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The joint Study Group on ‘Biodiversity and Financial Stability’ launched by NGFS and INSPIRE publishes a Vision Paper

                                                      Paris, June 18th 2021

 

The joint Study Group on ‘Biodiversity and Financial Stability’ launched by NGFS and INSPIRE publishes a Vision Paper

Today, the joint Study Group on ‘Biodiversity and Financial Stability’ - recently launched by the NGFS and the International Network for Sustainable Financial Policy Insights, Research, and Exchange (INSPIRE) - published a Vision Paper entitled “ Biodiversity and financial stability: exploring the case for action. The document is published as part of the “NGFS Occasional Papers” series and, therefore, the views and opinions expressed do not necessarily represent those of the NGFS.

Central banks and prudential supervisory authorities are increasingly recognising the potential for biodiversity loss to threaten macroeconomy stability as well as the stability of the financial systems that they oversee. But the complexity of the issue, the lack of regulations and policy guidance, and limited tools to measure, disclose and manage nature-related financial risks create a range of challenges to overcome, according to the report.

The report sets out the links between biodiversity loss and the macroeconomic and financial systems. It considers both the dependency of the financial sector on ecosystem services, and the impact of the financial sector in exacerbating the degradation of natural systems. It then poses a series of questions regarding whether and how central bankers and supervisors should, in the context of pursuing their mandates, address the issue of biodiversity loss.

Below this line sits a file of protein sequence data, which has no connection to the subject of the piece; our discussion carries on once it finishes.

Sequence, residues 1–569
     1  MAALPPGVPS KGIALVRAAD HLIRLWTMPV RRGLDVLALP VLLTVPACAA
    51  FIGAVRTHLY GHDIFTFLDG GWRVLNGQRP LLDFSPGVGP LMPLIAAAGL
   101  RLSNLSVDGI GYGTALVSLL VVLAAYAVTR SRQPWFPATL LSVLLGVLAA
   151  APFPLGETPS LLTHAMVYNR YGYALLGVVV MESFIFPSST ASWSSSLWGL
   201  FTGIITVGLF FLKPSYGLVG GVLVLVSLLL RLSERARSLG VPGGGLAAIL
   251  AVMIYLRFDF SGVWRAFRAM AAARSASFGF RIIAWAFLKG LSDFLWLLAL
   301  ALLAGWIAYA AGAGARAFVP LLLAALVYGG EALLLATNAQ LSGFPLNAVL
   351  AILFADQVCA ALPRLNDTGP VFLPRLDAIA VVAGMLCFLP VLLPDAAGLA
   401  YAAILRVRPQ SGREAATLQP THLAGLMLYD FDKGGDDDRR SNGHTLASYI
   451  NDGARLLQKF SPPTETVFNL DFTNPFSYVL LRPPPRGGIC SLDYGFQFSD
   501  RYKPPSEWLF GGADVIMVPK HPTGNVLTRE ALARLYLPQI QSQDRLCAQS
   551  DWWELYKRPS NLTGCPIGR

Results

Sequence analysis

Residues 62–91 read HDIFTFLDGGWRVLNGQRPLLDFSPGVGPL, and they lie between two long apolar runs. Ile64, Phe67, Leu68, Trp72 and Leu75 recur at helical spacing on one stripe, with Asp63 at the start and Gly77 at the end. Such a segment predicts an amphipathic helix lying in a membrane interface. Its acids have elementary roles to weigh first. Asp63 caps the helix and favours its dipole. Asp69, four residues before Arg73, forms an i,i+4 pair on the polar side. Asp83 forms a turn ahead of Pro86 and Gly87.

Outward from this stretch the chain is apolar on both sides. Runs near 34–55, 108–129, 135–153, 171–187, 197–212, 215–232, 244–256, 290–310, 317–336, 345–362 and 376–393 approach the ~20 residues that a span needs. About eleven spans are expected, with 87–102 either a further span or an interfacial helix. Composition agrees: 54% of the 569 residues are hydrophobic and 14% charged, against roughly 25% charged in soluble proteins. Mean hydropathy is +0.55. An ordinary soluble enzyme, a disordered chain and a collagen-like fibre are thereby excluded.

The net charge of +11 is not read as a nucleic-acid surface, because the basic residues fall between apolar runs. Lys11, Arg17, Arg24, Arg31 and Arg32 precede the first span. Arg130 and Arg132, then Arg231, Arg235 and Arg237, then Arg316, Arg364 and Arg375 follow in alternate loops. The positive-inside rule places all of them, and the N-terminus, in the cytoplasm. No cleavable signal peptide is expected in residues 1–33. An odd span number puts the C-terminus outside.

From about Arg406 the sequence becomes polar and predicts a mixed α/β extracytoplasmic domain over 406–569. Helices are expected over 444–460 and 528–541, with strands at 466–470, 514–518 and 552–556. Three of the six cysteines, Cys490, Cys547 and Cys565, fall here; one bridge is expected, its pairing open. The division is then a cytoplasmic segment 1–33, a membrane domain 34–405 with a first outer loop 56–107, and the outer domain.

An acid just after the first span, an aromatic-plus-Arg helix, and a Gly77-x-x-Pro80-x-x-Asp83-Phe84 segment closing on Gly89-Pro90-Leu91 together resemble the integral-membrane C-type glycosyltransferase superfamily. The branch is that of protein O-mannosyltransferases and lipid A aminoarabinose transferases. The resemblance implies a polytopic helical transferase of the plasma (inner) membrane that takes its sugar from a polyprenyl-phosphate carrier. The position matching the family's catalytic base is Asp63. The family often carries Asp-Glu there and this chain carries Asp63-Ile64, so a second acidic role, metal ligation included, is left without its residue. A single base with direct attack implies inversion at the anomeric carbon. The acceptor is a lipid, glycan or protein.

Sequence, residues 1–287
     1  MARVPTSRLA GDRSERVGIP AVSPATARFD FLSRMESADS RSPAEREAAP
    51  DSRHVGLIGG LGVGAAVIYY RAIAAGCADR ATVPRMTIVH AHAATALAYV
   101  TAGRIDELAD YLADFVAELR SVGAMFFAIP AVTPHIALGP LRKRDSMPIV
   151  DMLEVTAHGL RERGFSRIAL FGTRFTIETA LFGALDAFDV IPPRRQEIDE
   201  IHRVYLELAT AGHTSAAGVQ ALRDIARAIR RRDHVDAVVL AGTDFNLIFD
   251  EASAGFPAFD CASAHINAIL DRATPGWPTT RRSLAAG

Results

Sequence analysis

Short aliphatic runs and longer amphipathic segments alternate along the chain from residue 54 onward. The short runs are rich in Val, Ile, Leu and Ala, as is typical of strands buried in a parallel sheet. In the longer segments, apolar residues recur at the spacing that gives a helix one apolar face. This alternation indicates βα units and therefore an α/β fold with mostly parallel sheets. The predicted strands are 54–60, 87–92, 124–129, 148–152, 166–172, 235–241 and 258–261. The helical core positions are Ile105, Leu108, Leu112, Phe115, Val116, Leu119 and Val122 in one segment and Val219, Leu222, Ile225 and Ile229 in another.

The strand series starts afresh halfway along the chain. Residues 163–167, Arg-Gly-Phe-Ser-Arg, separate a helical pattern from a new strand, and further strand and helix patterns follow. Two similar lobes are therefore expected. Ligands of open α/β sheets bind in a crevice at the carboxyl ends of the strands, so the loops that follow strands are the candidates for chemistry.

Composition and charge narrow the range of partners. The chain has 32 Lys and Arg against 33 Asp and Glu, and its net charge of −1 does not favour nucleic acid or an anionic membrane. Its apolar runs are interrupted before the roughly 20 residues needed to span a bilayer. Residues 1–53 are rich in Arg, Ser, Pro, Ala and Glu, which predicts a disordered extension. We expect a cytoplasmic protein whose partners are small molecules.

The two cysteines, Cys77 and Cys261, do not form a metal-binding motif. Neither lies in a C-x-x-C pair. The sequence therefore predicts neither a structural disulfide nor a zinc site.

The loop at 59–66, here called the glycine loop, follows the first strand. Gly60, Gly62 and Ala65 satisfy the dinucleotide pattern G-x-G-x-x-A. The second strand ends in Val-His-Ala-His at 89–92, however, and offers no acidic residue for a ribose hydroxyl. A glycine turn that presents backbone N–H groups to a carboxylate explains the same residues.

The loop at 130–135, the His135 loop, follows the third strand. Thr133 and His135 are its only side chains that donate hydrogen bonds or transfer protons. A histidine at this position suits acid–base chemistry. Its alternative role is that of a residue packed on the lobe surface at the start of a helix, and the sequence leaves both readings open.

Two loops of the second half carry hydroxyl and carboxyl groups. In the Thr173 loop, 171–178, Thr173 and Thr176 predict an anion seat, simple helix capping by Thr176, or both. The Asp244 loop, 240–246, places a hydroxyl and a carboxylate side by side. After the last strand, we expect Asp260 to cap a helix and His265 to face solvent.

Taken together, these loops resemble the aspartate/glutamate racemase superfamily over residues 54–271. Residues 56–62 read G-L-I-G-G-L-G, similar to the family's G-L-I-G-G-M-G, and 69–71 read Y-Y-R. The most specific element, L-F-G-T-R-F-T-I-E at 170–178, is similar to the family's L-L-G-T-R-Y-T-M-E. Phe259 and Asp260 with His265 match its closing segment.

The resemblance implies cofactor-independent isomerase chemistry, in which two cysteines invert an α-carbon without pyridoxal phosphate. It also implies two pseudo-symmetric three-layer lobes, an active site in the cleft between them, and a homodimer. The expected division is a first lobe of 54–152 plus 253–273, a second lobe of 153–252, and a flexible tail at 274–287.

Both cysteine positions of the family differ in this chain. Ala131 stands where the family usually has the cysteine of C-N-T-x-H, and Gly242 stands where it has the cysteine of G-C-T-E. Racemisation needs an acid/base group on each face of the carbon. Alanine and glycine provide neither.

Frank Elderson, Chair of the NGFS and member of the ECB’s Executive Board: “G7 member states recently concluded that biodiversity loss poses an existential threat to people, prosperity, security, and nature. An NGFS/INSPIRE Joint Study Group outlines in a new Vision Paper how it will seek to improve understanding of the potential financial stability implications.

This Vision Paper sets out the rationale for the work of the Study Group and proposes an initial agenda and a research focus. It is to be followed by an Interim Report, to be published ahead of the critical meeting of the parties to the Convention on Biological Diversity, in Kunming, China, in October 2021. That meeting is expected to agree on a post-2020 global biodiversity framework, which aims to halt and reverse biodiversity loss.

The Study Group will publish its Final Report in February 2022, setting out a research agenda for the following years.

It is now widely accepted within the central banking community that the financial risks posed by climate change merit their attention. The impacts of biodiversity loss in many countries have the potential to be as severe,” says Dr Ma Jun, Chair of the NGFS Research Workstream and Chairman of China Green Finance Committee. “There is a pressing need to ensure that central banks and supervisors understand how these impacts could affect their ability to discharge their mandates.